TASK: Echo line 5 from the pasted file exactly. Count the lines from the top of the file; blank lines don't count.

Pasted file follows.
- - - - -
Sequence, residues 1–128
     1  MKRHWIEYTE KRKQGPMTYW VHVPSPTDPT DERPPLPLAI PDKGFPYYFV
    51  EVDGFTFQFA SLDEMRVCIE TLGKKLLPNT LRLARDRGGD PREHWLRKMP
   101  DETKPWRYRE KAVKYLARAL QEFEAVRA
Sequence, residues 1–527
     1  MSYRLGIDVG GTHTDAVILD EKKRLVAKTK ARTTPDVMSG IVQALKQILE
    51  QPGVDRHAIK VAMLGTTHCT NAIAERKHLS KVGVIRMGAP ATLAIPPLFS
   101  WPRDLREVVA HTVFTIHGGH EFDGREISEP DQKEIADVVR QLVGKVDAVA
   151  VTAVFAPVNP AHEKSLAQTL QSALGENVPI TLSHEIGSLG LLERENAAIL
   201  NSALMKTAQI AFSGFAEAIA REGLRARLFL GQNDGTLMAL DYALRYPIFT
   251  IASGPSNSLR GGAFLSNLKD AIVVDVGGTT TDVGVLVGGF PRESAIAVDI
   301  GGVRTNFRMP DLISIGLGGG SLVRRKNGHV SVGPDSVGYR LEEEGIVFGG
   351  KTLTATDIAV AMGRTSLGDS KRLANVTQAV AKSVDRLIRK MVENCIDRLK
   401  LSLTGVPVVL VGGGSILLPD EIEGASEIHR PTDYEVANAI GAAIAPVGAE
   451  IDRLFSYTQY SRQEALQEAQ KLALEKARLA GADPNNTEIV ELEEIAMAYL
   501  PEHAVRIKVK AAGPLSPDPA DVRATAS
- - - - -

Sequence, residues 1–527